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The refugees in Strathmore Park, and why we need to take more

by Ian Apperley
My friend is upset. She is Assyrian and has been talking to her aunt in Baghdad and things are not going well. They are trapped inside a suburb the size of Strathmore Park and if they move outside they are likely to be shot.

The house they were living in has been occupied by the opposition and no amount of attempts to move that family are working. They are slowly selling what they have to survive. The chief earner is a senior civil engineer and there is no work. They are trying to move to France. “Do you know anyone in France?” my friend asks.

The war, that we the West restarted so many years ago in the Middle-East, has been a calamity. We destroyed Iraq and we worked with some of the most horrific players on the planet to try and contain the situation. When Syria disintegrated into Civil War, now years ago, the West funded and established what has become ISIL. One of the most feared and destructive forces since World War II. The dog escaped its leash and from Asia to Africa the consequences have been horrific.

The media has become a machine of propaganda. Large companies now control what we get to read, hear, and see. No one can deny the one-sided views that are poured into the population by Fox, CNN, and RT. We are controlled through fear and fear is what sells newspapers. Fear, and cats. I say that in a lighthearted way, however when you look at what sells news it is death and ridiculous items like dancing cats and stunts that have gone wrong.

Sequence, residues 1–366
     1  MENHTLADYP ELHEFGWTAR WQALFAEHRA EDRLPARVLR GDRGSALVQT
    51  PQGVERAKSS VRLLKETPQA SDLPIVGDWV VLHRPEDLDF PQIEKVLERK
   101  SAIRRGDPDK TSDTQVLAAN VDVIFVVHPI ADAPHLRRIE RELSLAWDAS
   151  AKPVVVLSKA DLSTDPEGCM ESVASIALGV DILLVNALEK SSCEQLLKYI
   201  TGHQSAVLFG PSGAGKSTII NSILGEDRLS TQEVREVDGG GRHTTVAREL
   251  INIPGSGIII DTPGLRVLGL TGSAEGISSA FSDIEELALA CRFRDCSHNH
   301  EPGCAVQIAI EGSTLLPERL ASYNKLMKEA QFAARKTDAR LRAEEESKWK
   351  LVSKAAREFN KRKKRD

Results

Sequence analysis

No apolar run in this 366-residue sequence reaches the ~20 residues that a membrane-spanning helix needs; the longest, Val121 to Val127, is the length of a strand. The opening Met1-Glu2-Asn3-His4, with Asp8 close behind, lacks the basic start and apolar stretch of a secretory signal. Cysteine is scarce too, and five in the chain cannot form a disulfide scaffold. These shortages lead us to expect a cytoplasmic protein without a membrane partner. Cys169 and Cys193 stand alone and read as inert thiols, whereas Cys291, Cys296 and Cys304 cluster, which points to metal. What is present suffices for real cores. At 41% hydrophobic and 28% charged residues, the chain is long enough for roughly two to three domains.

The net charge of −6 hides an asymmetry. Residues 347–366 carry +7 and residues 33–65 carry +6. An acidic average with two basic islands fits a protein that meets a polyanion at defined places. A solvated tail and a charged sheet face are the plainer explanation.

Into all of this we have New Zealand. A country at the bottom of the world, thankfully in these times, a rock on the edge of the planet, an island of immigrants and all of us refugees in a very large sea. With over four million of us stuck on this rocky isle, mostly in Auckland, we are protected by our nature, the fact that we are not that important in the world, and our non-conflict personalities.

We take in less than a thousand refugees a year, the lowest of countries in our category, even behind Australia who has instituted prison camps on remote third world islands in an effort to keep them out. This will be a horrific legacy for Australia.